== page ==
Last week, I wrote that I expected upside gains on oil to be limited, based on higher oil prices denting demand, the then increasing possibility of a Libyan resolution and China's efforts to cool their economy. I also stated that $110/bbl was a a price level to watch out for. I clearly misjudged the Libyan situation, as the fighting continues and an oilfield fire on Friday helped spur prices above the 110 level. The dollars decline is also helping to move prices higher. However, the average retail price of gas continues to increase, and is currently at $3.68/gallon. In addition, there is ample supply in the US and energy inflation is starting to negatively impact consumer sentiment.
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On the 5-year chart, remember that prices are still in a clear upswing. Prices bottomed at the beginning of 2009 and have been in a general, long-term rally since. Recently, prices have broken above the $90/bbl level in a strong rally, printing strong bars and moving above resistance in a convincing manner. However, this move has led to fundamental concerns, perhaps putting a limit on oil's upward moves.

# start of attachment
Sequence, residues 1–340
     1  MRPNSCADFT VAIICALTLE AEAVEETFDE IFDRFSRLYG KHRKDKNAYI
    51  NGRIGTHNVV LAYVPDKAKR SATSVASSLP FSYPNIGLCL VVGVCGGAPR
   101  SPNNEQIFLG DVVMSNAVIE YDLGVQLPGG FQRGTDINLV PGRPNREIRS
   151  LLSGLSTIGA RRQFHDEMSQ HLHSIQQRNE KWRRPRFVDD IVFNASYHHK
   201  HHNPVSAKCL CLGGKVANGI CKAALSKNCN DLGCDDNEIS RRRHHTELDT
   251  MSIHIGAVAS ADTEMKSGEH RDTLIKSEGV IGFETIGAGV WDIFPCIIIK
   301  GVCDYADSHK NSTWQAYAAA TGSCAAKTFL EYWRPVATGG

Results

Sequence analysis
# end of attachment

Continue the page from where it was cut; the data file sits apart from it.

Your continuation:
The 6-month chart shows two upward sloping lines. The first, started at the end of November and has a slight angle, while the second started at the end of March and has a much stronger angle. Also note the EMAs are very bullish with the shorter above the longer. However, the MACD has printed decreasing peaks and prices are right at technical support. A move breaking the current trend line would lead to a price target of the 50 day EMA.
The daily chart shows prices breaking support, moving lower, and then consolidating losses.
Going forward, I would expect prices to continue moving lower. However, I would view this as a temporary development. The lower MACD print, strong downward candles and increased volume on the latest sell-off indicate profit taking is in order.
While there are signs of a slowdown, no one (except those who can't help themselves) is calling for a recession. Instead, analysts are noting that high oil prices will lead to lower growth.
In addition we are moving into the summer driving season, which historically leads to higher demand and therefore higher prices.